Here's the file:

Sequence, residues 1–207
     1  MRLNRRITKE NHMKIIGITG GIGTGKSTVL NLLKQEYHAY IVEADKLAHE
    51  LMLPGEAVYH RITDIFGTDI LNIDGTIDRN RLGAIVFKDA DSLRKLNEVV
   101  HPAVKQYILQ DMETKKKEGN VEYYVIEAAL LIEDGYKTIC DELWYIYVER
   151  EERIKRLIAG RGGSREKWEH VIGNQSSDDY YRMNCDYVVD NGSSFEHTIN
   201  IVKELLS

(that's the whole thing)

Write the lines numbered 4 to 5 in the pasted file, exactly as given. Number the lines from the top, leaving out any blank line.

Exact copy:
   101  HPAVKQYILQ DMETKKKEGN VEYYVIEAAL LIEDGYKTIC DELWYIYVER
   151  EERIKRLIAG RGGSREKWEH VIGNQSSDDY YRMNCDYVVD NGSSFEHTIN